News from across the pond last week suggested that all was not well in the Land of the Free – despite the best efforts of President Trump to repeal more regulation than passes into law from now on.

The bombastic mayor of New York, Bill de Blasio, has taken a hard line on cigarettes, stating his opposition to ‘Big Tobacco’ in a series of aggressive tweets, and saying that he will introduce a tax hike on tobacco from $10.50 to $13 per pack.

It all feeds into the global campaign against tobacco and cigarette marketing. Tax hikes are the order of the day in New York, while plain-packaging for cigarettes has been introduced in Australia, France and Great Britain.

But the Wall Street Journal today has pointed out something that we at Popla have been saying for a while: all excessive regulation of cigarettes leads to is an explosion of smuggling and profiteering on the black market.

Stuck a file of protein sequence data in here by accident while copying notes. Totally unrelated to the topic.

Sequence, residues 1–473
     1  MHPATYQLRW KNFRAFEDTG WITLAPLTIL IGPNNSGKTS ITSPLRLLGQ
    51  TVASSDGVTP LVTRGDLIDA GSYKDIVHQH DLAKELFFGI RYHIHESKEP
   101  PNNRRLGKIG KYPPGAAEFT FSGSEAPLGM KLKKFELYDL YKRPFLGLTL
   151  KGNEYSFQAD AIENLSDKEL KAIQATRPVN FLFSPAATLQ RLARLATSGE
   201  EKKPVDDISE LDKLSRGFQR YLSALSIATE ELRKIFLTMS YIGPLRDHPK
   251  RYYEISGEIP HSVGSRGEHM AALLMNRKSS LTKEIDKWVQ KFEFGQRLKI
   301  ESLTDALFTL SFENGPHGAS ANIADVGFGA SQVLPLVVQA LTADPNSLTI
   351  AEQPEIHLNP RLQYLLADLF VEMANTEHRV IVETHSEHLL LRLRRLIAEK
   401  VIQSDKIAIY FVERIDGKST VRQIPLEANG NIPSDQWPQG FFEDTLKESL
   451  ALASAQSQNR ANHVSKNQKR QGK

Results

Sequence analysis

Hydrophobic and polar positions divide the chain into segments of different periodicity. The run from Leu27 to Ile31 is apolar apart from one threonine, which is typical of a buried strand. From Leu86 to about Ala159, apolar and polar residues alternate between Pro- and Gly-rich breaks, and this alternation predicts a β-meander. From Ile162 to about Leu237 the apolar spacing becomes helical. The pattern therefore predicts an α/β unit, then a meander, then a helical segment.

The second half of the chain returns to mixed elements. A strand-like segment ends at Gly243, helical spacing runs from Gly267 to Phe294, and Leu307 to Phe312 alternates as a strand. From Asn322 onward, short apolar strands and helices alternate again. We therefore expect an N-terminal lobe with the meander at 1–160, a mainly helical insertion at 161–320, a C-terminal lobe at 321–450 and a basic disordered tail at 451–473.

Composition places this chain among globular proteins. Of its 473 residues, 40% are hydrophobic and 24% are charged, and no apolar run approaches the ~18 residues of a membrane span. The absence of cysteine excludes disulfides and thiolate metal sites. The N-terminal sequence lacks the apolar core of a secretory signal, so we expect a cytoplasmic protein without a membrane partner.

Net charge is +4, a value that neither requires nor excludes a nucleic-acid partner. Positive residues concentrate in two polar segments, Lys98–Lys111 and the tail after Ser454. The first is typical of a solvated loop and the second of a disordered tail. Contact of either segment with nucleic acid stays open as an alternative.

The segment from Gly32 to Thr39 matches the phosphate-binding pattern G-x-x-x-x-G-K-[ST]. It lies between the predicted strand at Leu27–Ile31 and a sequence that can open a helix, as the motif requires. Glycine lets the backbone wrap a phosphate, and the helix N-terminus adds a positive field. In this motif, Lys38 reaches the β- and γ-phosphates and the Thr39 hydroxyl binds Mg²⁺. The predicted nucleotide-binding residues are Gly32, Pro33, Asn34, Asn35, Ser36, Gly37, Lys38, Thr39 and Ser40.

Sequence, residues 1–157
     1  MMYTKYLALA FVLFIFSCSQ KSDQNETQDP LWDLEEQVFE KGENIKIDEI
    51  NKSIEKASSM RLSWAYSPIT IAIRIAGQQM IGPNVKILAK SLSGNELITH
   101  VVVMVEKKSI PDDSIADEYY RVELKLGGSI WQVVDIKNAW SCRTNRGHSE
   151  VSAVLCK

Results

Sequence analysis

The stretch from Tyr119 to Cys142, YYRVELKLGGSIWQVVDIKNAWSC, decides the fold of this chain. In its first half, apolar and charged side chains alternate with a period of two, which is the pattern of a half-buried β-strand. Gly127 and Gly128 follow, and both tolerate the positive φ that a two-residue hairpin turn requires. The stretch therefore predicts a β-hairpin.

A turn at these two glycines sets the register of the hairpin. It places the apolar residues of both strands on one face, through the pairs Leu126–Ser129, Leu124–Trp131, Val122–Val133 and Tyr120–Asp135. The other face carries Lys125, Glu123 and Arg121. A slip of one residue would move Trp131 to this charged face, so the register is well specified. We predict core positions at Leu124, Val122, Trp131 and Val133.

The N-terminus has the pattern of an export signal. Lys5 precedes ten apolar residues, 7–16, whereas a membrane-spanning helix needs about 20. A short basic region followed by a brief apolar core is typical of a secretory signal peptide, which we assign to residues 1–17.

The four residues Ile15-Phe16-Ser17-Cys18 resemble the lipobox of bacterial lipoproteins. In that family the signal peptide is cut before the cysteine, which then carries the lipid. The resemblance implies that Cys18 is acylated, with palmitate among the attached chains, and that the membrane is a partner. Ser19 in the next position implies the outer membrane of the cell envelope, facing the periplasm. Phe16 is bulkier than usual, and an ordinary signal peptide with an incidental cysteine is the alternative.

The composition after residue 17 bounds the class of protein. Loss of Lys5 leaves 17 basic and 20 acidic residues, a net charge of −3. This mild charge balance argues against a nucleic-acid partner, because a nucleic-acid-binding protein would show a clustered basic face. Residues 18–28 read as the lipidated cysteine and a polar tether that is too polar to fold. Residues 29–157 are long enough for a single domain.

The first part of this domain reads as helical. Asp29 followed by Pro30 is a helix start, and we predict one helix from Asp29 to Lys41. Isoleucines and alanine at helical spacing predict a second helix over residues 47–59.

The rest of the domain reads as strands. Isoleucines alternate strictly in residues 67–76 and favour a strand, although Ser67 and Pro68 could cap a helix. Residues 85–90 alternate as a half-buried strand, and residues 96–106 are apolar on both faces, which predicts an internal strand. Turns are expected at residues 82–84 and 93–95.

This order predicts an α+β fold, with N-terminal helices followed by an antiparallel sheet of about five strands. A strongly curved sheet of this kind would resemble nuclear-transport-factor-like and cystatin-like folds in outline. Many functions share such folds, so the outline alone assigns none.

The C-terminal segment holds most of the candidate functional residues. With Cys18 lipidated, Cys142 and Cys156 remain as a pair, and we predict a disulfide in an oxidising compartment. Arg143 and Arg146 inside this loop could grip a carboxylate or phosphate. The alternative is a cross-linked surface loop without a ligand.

The Journal’s editorial today tells how de Blasio’s plan will divert the resources of the NYPD, which already devotes excess manpower to chasing down ‘loosies’, or untaxed, black market cigarettes. The effects of this trade have already made headlines across the world: the State department called the illegal tobacco trade ‘A Threat to National Security’ in 2015, while the now infamous death of Eric Garner in 2014 at the hands of New York cops came after they arrested him for selling counterfeit cigarettes.

As usual, it’s a case of talking tough while not looking at the outcomes. Tax hikes in the US, like plain packaging in Europe and Australia, are nowhere near as effective at curbing smoking as the authorities would have you believe. Mayor de Blasio may be about to discover just how damaging his progressive policies really are.

by Julia Dixon